Experts say many of the restrictions were artificial barriers that perpetually kept out low-income workers, particularly people of color. Education requirements, for instance, tend to favor white workers over Black. Compared with 47.1 percent of white adults, just 30.8 percent of Black adults have earned some form of college degree, according to the Educational Trust, an educational nonprofit.

Delta Air Lines says 95 percent of its jobs in customer service no longer require a four-year college degree, up from 78 percent back in the first quarter of 2020. Ashley Black, director of equity strategies at Delta, said the move was not directly because of any labor shortages; rather, it was about finding the right talent for the job and the organization.

"Traditional hiring processes are highly subjective and can have multiple barriers that complicate access to economic opportunities for any potential talent," Black said. "Still, this disproportionally impacts people of color. Without being able to easily and credibly assess skills, implicit bias can shape the recruiting and hiring processes."

Sarah White, area manager for Lost Dog Cafe and a restaurant consultant, says the relaxed requirements have opened doors for job prospects who might have not been previously considered.

"We get locked in these ideas of what the job looks like," White said. "Now, we are getting people we wouldn't have hired before. And they have been some of the most amazing employees. It would have been our loss."

Karen Rosa, 32, started out as a server at the Lost Dog Cafe last September but then became a bartender without any experience. She says she can now pull in a steady $600 to $700 a week. She says her server's income was more volatile.

"They gave me a chance," she said. "They were very helpful."

But there are downsides, too. White says she's been so desperate at times she's had to hire some servers who have bad attitudes and have actually scared away customers.

"We don't have anyone to wait on them, but we are also losing them because they get service but it's from someone that I wouldn't want serving them," she said.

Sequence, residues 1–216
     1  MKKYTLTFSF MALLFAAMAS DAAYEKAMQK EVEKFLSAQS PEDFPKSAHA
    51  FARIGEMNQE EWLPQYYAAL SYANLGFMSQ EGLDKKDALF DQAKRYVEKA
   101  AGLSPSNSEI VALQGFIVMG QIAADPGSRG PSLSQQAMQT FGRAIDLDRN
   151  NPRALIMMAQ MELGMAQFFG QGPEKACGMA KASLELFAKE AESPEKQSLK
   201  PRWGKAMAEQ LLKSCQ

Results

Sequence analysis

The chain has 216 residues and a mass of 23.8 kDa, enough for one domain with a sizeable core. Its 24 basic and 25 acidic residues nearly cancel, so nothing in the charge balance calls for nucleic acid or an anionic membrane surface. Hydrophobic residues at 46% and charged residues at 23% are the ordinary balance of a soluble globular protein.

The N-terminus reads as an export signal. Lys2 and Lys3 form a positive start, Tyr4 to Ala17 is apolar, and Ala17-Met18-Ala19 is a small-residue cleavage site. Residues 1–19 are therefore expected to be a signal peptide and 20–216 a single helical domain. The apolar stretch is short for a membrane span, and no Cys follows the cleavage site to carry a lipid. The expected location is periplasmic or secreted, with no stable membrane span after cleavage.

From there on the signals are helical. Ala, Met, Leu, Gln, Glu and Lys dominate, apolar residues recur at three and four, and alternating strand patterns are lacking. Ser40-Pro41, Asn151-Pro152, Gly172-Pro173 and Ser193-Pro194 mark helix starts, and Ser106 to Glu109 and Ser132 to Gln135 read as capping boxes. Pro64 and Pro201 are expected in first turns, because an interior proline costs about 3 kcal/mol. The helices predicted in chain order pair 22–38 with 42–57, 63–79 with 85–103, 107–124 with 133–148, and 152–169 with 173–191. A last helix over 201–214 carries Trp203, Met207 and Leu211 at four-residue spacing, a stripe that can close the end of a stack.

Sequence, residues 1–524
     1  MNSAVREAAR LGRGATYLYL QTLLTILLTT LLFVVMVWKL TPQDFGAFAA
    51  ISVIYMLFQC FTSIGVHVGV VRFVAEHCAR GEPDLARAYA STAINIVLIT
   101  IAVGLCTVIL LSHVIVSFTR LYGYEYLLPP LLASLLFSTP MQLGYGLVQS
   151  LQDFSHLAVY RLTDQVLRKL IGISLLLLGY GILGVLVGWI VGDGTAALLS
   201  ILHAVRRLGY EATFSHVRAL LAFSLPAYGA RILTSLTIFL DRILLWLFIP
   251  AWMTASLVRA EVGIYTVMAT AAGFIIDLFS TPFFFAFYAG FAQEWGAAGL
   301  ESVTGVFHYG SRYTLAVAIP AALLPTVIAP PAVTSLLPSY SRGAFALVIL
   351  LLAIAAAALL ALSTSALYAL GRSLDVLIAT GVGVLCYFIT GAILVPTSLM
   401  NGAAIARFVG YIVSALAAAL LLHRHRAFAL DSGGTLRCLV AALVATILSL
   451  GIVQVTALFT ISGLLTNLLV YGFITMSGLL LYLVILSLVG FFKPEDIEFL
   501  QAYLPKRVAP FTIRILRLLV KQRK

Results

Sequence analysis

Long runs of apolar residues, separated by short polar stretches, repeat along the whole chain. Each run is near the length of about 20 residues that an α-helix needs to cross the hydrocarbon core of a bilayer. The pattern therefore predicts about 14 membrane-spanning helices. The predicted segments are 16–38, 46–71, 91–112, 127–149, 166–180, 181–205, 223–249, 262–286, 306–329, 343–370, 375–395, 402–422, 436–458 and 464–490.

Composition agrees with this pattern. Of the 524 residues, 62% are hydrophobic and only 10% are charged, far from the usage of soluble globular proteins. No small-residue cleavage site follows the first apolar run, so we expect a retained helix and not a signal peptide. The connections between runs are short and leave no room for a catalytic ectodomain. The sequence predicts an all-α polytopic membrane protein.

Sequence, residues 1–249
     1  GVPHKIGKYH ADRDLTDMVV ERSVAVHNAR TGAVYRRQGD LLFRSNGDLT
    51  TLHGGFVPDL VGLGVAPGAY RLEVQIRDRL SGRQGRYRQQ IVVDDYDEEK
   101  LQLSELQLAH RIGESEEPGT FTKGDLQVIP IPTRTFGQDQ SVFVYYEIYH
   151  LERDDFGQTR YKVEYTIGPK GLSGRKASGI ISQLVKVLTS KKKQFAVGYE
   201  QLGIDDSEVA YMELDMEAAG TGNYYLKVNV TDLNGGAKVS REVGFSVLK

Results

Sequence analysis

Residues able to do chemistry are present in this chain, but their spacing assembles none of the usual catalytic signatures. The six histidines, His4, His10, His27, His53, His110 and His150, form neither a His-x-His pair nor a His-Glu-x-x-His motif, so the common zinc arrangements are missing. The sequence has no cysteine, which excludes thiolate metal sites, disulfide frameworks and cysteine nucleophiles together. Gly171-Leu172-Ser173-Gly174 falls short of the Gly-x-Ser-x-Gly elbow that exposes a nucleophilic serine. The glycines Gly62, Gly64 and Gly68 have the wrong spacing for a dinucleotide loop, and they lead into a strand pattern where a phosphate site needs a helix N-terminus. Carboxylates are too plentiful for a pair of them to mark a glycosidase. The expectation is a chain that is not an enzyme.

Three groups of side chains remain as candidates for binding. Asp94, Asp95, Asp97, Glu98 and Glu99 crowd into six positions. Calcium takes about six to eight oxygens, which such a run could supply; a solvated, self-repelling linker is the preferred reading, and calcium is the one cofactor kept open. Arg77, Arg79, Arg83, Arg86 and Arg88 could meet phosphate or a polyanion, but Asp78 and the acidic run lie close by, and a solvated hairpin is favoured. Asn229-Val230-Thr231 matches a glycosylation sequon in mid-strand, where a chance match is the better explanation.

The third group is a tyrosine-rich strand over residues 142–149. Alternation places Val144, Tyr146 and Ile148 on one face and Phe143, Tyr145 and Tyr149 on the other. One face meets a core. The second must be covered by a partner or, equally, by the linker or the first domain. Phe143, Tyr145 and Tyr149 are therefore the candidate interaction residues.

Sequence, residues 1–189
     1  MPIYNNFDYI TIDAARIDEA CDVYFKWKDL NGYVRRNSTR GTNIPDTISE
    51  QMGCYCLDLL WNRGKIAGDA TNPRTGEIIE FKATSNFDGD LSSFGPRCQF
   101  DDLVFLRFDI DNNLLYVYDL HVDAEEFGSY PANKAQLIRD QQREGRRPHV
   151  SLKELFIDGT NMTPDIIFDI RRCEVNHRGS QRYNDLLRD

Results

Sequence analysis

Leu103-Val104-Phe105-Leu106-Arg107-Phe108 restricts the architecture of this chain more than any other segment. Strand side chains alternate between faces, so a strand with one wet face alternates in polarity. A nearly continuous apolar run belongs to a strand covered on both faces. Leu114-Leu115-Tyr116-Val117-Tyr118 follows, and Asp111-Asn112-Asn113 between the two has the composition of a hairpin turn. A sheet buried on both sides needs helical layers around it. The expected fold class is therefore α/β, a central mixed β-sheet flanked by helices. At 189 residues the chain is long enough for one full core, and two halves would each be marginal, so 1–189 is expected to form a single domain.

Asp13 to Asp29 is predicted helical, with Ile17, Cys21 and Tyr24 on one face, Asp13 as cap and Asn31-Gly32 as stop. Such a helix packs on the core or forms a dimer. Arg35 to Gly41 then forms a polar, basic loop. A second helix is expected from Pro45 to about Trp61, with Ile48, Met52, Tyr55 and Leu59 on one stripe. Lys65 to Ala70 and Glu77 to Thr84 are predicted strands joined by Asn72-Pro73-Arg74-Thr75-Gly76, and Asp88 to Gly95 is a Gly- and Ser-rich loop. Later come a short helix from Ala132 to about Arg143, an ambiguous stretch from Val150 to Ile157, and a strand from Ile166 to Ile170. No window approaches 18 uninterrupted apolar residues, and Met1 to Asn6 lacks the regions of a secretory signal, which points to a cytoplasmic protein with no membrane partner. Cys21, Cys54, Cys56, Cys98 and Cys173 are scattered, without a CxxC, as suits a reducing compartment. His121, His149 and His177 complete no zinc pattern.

Daniel Schneider, professor of public policy at the Harvard Kennedy School, says that the difficulties of finding good workers like servers underscores "a lie" that this is not skilled labor.

"Not just anyone can step into these roles," he said. "These are skilled jobs, and they should be compensated accordingly."

Companies say they're making up for the lack of experience by doing a better job with training. Lost Dog now trains cooks on different types of menu items every day and also posts cocktail recipes on the back of the bar rail where customers can't see them. CVS just opened two new workforce innovation and talent centers in Pittsburgh and Philadelphia, where it works with faith-based and community organizations to find, train and place workers in jobs such as pharmacy technicians and customer service workers.

No one can predict whether companies will go back to tightening requirements when they're flush with lots of job applicants again.

Brad Hershbein, senior economist and communications Advisor at W.E. Upjohn Institute for Employment Research, said employers may still offer leeway on academic credentials but desperate moves like hiring people with bad attitudes will go away.

"Employers may decide there are other ways of actually screening employees that are more effective than looking at key words on their resume or do they pass this education or experience requirement," Hershbein said.

We're Hiring
As corporations struggle to fill low-paying roles nationwide, job requirements are relaxing. Above, a group of young people walk past a "We're hiring!" sign posted at a store in New York City on August 20, 2021. Angela Weiss/AFP/Getty Images